Ready for another one of Jupiter’s fly-by-night meetings with the moon? Tonight’s pairing of planet and moon will be the closest yet in a series that began last fall.
Observers in North and South America will get the best views at the most convenient hour. At 9 p.m. (CST) Jupiter will be just one moon diameter (1/2 degree) north of the moon and high in the southern sky.
Their proximity also means you have the opportunity to watch the moon “move its own diameter” in a hour. With Jupiter as a reference, you’ll easily see the two approach and separate during the evening. And yes, the moon moves a moon-span in about an hour as it orbits planet Earth. Check it out yourself.
Jupiter emerges in real time from behind the moon during the Dec. 25, 2012 occultation seen in Brazil. Credit: Carlos Bella
Sky watchers living across a wide swath of South America will get an extra treat – a Jupiter occultation. Because the moon is relatively close to Earth, its position shifts slightly against the background stars depending on your location. Seen from central S. America, it’s over 1/2 degree farther north compared to the view from northern U.S., putting it on a path to occult the planet. As the moon travels eastward during the night, it will first cover and then uncover Jupiter. Click HERE for a map and list of cities and times where the occultation will be visible.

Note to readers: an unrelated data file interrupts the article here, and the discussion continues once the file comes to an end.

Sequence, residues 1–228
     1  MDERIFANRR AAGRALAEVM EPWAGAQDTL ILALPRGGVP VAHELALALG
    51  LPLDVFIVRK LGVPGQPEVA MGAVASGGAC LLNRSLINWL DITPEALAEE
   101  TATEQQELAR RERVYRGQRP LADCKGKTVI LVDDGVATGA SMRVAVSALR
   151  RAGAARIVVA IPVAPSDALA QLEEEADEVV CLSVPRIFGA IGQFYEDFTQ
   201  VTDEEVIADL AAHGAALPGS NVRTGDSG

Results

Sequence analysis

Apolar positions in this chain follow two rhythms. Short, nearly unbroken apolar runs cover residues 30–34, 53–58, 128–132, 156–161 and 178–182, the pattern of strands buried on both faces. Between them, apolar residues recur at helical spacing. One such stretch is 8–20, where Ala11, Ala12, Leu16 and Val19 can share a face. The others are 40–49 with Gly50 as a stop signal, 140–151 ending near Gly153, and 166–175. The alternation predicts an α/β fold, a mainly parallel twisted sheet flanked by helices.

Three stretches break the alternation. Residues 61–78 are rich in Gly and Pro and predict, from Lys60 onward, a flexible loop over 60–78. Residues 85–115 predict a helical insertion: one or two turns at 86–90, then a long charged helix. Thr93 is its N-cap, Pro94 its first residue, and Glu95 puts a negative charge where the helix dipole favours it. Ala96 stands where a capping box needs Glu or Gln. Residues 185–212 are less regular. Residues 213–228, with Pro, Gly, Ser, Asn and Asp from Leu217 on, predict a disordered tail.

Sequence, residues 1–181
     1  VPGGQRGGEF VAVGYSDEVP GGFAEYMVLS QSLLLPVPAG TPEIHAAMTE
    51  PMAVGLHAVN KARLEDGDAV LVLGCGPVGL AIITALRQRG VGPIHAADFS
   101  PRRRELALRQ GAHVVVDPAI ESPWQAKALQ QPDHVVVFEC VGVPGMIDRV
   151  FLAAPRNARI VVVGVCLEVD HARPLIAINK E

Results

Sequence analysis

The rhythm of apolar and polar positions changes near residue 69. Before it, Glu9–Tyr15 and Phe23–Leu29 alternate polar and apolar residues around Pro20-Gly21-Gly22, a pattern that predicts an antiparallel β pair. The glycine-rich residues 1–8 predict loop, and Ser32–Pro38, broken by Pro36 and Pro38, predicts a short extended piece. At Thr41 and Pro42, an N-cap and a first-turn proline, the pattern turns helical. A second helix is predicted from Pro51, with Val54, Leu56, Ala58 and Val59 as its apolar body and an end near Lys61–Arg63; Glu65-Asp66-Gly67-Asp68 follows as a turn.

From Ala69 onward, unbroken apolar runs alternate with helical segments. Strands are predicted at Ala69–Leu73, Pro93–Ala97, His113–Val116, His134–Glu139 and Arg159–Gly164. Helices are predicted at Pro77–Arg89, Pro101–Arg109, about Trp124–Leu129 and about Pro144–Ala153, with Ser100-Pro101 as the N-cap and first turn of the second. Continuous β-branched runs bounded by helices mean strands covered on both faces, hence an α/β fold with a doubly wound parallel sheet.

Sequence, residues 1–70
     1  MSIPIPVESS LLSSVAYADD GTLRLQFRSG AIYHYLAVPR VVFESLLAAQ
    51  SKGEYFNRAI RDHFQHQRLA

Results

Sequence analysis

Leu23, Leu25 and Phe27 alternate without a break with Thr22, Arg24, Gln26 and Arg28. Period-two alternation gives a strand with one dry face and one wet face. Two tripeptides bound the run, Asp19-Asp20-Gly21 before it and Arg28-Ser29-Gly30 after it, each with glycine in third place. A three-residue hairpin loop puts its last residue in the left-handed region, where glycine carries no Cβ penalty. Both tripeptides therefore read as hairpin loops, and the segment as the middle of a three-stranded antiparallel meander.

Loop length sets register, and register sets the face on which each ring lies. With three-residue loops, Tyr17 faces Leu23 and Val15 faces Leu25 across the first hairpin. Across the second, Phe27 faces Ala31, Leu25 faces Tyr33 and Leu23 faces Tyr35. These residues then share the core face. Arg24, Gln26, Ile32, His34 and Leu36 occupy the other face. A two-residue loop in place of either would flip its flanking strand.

Binoculars will show 2 or 3 Jovian satellites tonight depending on magnification and how steadily you can hold them. Through a telescope you’ll see all three plus be able to watch the shadow of Europa pass over the planet’s cloud tops between 9:18 p.m. and 12:52 a.m. (CST). Look for a tiny black pinprick south of Jupiter’s thick South Equatorial Belt (SEB).
A glance skyward tonight is all that’s necessary to witness this delightful celestial drama unfold. Don’t miss it. Skywatchers in the mainland U.S. won’t see Jupiter and the moon snuggled up this close again until Sept. 2, 2016!